She told the Supreme Court that she has all the hopes to live a life but she wants the centre to withdraw AFSPA from her state. She was declared as Prisoner of Conscience by Amnesty International 2015. To give direction to her long movement, she decided to participate in the recent Manipur Elections, which she tragically lost, gaining only 90 votes after her 16-year-old fast.
4. Mizo Women’s Movement under MHIP (Mizo Hmeichhe Insuihkhawm Pawl)
Recently, the Mizo Women’s Movement inched closer to their victory when the State Law Commission was in final process of reviewing The Mizo Marriage Bill 2013, The Mizo Inheritance Bill 2013 and The Mizo Divorce Bill 2013.
This was the result of long struggles of Mizo Hmeichhe Insuihkhawm Pawl (MHIP), which is a women’s organisation under Pi Sangkhumi (former president of MHIP). MHIP under the leadership had been demanding for changes in Mizo Marriage Laws, especially they wanted abolition of Mizo Bride Price in Mizo marriages. They said, “If age old customs like child-marriage, purdah, etc. can be illegal now, then why not the bride price in Mizoram can be declared illegal?” They also fight against violence against women, discrimination in workplaces, and campaign for 33% women’s reservation in the political system among others.
5. Naga Mothers’ Association (NMA), Nagaland
Naga Mothers’ Association is presently a women’s peace-making organisation. It was established in 1984. The most evident movement taken up by NMA was ‘Shed No More Blood’ (which is also their theme) movement which was against gendered violence and human rights violation by campaigns prohibiting drug abuse and alcoholism.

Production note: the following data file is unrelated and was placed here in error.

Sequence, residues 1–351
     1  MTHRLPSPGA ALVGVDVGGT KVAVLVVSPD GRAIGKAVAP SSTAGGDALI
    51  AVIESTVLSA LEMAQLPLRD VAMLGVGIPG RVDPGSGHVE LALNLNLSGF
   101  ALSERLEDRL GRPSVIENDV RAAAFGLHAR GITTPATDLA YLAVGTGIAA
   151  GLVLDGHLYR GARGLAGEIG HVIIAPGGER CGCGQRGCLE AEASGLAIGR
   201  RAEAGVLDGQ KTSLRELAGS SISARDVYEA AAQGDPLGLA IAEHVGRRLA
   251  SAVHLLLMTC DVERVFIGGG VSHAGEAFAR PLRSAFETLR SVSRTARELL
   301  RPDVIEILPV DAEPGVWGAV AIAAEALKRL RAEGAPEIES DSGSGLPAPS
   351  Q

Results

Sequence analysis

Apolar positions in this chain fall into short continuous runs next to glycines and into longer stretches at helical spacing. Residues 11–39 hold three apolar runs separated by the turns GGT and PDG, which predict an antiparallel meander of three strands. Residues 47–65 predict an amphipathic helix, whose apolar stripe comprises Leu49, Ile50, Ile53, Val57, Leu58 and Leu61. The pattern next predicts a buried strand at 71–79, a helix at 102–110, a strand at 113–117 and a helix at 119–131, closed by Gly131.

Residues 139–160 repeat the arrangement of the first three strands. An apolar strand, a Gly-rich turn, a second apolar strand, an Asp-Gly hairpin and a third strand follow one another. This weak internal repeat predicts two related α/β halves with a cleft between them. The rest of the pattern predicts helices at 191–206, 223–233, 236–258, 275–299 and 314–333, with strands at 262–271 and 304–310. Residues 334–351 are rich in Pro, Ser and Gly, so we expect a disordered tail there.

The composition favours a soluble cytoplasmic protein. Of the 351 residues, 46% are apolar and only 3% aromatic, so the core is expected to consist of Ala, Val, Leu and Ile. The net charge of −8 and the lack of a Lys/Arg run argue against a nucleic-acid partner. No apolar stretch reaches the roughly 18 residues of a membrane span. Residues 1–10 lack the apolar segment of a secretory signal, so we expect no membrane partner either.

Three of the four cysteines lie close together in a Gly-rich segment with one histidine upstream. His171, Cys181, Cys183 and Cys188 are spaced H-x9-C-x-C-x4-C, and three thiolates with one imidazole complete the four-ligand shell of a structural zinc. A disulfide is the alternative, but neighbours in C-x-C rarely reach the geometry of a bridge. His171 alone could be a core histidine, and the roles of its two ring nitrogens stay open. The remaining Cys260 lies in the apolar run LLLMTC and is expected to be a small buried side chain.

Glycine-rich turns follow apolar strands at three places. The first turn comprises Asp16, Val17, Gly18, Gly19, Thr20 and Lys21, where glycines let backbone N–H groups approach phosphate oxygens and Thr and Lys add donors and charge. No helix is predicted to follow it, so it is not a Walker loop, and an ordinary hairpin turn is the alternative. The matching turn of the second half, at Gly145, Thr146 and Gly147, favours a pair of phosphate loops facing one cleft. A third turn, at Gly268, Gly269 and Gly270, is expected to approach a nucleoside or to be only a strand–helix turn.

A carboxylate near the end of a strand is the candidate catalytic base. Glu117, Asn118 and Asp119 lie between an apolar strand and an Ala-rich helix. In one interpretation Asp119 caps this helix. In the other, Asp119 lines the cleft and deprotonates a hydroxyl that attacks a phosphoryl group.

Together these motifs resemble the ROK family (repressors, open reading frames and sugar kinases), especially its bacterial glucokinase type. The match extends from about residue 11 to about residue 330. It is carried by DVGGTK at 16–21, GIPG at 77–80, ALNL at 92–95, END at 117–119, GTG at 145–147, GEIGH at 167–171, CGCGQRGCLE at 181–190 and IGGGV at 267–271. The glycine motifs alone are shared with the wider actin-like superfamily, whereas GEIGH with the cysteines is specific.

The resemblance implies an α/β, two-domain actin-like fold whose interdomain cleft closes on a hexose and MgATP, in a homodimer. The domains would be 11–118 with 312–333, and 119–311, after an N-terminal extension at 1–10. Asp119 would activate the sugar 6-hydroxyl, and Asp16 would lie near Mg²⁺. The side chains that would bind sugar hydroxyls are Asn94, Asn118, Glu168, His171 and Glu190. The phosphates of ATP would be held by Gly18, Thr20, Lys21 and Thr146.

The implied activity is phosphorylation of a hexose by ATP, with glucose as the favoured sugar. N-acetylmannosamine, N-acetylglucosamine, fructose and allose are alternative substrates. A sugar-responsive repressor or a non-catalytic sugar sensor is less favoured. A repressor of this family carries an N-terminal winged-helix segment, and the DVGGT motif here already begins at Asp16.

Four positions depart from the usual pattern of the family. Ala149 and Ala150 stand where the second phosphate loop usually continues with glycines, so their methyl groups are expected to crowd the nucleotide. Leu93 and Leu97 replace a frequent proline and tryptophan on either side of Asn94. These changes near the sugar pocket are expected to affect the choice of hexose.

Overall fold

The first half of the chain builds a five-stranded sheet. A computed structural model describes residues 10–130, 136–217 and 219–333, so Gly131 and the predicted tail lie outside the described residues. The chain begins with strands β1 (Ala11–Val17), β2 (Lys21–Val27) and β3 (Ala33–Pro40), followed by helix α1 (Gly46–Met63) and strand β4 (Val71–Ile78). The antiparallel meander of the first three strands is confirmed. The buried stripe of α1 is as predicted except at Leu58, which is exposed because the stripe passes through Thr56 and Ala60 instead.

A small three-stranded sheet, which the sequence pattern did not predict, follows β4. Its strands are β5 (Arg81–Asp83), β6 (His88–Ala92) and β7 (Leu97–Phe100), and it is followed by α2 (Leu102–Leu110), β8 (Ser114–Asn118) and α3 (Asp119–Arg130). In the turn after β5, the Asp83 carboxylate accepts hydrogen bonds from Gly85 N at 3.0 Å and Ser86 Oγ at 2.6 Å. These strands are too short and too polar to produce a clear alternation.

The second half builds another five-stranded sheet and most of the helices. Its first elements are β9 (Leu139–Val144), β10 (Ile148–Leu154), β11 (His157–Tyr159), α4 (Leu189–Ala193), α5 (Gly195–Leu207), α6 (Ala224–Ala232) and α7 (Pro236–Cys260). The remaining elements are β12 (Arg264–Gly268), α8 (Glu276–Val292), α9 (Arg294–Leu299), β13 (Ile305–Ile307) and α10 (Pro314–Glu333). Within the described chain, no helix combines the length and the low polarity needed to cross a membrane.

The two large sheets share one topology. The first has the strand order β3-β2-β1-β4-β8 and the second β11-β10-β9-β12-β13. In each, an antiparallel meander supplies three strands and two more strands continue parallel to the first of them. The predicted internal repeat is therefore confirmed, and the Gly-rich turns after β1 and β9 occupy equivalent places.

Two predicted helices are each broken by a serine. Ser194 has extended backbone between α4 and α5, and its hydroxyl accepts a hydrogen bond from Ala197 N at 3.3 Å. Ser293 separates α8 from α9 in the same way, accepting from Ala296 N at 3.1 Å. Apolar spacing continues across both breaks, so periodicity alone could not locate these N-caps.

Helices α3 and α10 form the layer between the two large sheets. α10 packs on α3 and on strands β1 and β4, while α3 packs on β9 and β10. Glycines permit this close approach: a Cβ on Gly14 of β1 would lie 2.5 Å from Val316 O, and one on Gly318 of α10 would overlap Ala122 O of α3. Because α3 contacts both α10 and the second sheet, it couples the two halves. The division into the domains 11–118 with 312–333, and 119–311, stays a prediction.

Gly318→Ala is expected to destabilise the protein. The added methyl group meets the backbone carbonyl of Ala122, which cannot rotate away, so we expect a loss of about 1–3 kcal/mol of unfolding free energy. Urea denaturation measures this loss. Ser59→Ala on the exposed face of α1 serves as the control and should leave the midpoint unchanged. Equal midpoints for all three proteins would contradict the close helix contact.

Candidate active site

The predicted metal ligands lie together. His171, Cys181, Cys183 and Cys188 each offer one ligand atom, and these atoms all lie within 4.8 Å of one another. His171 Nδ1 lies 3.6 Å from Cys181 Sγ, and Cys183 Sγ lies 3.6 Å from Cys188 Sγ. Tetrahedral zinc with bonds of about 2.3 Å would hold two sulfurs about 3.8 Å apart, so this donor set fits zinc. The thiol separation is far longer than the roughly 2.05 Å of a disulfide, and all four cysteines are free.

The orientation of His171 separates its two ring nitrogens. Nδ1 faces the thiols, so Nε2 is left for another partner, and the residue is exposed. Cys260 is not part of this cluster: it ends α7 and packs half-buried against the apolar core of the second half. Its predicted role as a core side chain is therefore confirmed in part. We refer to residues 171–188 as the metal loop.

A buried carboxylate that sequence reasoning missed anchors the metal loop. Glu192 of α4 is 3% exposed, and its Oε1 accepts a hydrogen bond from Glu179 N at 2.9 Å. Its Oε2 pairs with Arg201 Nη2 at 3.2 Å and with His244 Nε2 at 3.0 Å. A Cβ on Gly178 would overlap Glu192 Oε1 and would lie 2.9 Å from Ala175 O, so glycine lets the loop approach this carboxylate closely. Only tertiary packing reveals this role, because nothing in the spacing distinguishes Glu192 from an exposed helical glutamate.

They also train to maintain peace and prohibit violence by nurturing and sustaining ceasefire between Nagaland underground groups and government. Along with Meira Paibi, they demand the government to withdraw AFSPA and maintain peace and tranquility in their state and stop armed forces to kill innocent villagers in the name of terrorists.
6. Asom Mahila Samiti, Assam
The women’s movement in Assam is as old as the freedom struggle in this zone. The Asom Mahila Samiti (later Asom Pradeshik Mahila Samiti) was established in 1926 under Chandraprabha Saikiani. Under this organisation there were various movements against violence against women, women’s low literacy, gender discrimination wages and workplaces and encouraging women’s self-esteem in the society, in general.
They also conduct peace campaigns and have raised their voice against women’s invisibility in the society and challenged the patriarchy inherent in it. Later this organisation broke into various smaller groups with Tezpur District Mahila Samiti as the major constituent of it.
Like the rest of the world, North East India is also in constant recurrence of women’s movements. Here women’s movements are not only redefining gender stereotypes through their interventions but also tried transforming definitions of democracy, nationalism and peace. They always believed that military regulations are not solutions to peace – rather it is about dialogue and political negotiations.
With all these heroic movements, North East also makes its space in the arena of women’s movements, which must be acknowledged.
Disclaimer: This list is by no means comprehensive. Please suggest us other women’s movements in the North East that we might have missed in this article in the comments section below.